In one regard, she had been like an inversion of the actual cosmos. Black stars punctuated the bright abyssal in-betweens of her pale skin, causing them to take on a vaguely malevolent aura, even as they appeared to simultaneously map out what he had then considered to be the comfortably familiar patterns of the real night sky. Orion had painted a dark cross upon the fleshy expanse of her stomach, as though pointing the way to the location of some peculiar treasure, while Andromeda stained her shoulder blades with a dizzying spiral of clustering stars.

‘I acquired my tattoos over a period of six years, starting when I was a student at university,’ she began, launching into a description of her background as though presenting a speech as prelude to the work ahead. Moving as though she had been an invited guest into Donovan’s own private spaces - and not just the almost naked living room space which he used in lieu of an actual studio - she had cleared a place for herself to sit amidst the untidy jumble of unread books, half-finished canvases, and long abandoned crockery, settling herself down in anticipation of what Donovan could already foresee was to be the retelling of a well worn story. He thought it best to go along with her flow. ‘These tattoos were not always as you see them now. The star map has ultimately come to cover up many of my older, and less resonant, markings. It was while attending university, you see, that I began to develop the philosophy which these tattoos, and by extension myself, have since come to so effectively embody.’

Donovan was used to learning about the backgrounds of his subjects before painting them, though usually on his own terms of questioning and not through the well rehearsed soliloquy of his models. He’d found that it provided a context in which a given portrait could be presented, even if only to his own eyes. Though still in the early stages of the development of his series regarding the variety of humanity, he had already come to realise how crucial such information would be were he ever to present the series to the public. What he did not realise, as he sat then and listened to her story unfold, was that it would be that very information which would ultimately keep both his work and his own person away from the wider world.

Had I possessed a mouth I would have laughed at him then. Instead, I merely watched as the inevitable unfolded.

‘Your advertisement,’ she continued, ‘claimed you were “seeking those individuals who considered themselves to be either physically, morally, or spiritually distinct from the cultural norm”. I believe I represent all three of these things, so, quite naturally, I could not resist answering your call.’

Donovan considered for a moment simply cutting to the nub of the matter and asking her flat out about the nature of her tattoos, thereby exposing the obvious elephant in the room. He did not get the chance to do so, for the momentary silence was quickly filled once again by her voice.

‘I could go on to tell you that my dreams are darkly fruiting bodies, within which the night sky is little more than a mausoleum for the hanging corpses of dead and dying stars, but I think it would be better at this juncture if I were to ask you if you knew anything regarding Cosmicism?’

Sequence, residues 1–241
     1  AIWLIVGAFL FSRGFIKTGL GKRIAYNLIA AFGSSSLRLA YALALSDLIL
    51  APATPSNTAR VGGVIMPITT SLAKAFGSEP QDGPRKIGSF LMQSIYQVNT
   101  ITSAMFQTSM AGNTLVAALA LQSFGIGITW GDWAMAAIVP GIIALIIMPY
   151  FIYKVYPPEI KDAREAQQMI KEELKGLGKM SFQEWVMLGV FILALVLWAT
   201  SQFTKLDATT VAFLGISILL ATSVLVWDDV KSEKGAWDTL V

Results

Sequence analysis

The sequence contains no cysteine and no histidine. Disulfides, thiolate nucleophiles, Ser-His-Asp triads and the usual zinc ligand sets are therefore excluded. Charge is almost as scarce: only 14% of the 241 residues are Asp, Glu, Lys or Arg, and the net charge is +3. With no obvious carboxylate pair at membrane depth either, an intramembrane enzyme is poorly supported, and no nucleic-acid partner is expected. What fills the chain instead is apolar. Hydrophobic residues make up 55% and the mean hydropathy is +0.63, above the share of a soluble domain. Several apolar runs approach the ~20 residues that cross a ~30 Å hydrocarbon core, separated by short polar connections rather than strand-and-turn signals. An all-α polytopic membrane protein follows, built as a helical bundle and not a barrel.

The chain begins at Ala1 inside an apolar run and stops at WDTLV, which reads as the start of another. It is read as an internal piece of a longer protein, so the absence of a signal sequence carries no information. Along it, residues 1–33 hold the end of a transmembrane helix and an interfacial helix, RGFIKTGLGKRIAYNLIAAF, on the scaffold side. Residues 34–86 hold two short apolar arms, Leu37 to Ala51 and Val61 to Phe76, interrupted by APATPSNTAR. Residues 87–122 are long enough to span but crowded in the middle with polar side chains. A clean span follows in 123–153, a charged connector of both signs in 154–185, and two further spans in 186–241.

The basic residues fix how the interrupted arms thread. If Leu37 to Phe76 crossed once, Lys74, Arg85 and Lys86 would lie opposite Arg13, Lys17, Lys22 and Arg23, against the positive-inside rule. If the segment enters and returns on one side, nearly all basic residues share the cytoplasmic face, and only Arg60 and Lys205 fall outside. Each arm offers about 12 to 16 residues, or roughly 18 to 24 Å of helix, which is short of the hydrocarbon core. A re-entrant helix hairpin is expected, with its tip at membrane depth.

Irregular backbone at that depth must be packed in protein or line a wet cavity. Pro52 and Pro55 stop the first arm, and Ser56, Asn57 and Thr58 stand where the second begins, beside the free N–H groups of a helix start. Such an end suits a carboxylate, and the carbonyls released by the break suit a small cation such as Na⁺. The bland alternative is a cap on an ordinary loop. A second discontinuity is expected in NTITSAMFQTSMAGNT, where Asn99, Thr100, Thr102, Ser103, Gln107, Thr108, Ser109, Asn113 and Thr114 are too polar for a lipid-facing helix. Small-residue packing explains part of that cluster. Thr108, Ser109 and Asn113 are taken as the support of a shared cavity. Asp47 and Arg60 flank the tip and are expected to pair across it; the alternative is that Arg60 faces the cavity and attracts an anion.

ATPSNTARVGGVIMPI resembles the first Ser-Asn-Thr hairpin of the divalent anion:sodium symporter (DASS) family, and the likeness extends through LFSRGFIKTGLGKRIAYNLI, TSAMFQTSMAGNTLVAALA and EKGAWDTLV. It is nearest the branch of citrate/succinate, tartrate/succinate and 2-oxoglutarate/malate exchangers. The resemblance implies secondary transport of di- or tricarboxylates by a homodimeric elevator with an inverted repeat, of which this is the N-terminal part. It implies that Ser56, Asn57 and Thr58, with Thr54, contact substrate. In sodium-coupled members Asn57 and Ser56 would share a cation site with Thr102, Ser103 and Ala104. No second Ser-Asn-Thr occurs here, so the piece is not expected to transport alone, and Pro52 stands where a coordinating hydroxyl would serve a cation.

The question had caught the artist more than a little off his guard, both due to its unusual nature and the fact that he had not expected her to encourage his active participation in the telling of her story. She sat arching a hopefully expectant eyebrow in his direction, awaiting his reply. ‘I’m afraid Science Fiction isn’t really my thing.’ The sudden chill which had stolen a hold of the air served as indication enough that this had not been the correct thing for him to say. A cold glaze passed across her eyes, piercing straight through his affected calm.

‘Cosmicism is a philosophy, one which, I can assure you, may reveal the reality of those darkly grinding engines which churn out eternity to those who were previously unaware of such things. There was a Professor at my university, a Professor Zasterband, who taught me to see beyond the anthropocentric vision which, whether knowingly or not, we all believe to be the natural order of existence.’

Donovan had not really understood what she had meant by this, though the gravity with which she had expressed herself made it clear that this was a topic to be treated with nothing short of complete seriousness, so long as he wished to retain her services for a time sufficient enough to paint her portrait. ‘I take it you don’t believe ‘Humanity’ to be the centre of the universe then?’

‘I believe that mankind is of as little importance as anything else, no more special than the simplest of microbes or the merest speck of dirt. Our existence is due to nothing more than the alchemy of circumstance, and so we should expect the universe to treat us with as little regard as it appears to treat all other things.’

‘Is the universe so lacking in regard?’

‘Well, of course. Death and decay are everywhere in the universe. Entropy is one of the most consistent forces in the whole of existence, applicable to every last particle of reality, from the smallest of atoms to the greatest of stars. A star may support its own life for a certain period of time, true, but ultimately it too shall come to die. And at the centre of every galaxy there sits a black hole, a vacuum like opening eagerly consuming its own spawn, until such a time that it shall be forced to consume itself in order to satisfy its boundless hunger. If we were to consider the universe to be like a machine, then one day our world should be speared upon the point of a single cog within a mechanism far more complex than our comprehension permits us to allow, and that single moment, while considered endlessly horrifying to us, shall be of no particular importance to a thoroughly indifferent universe.’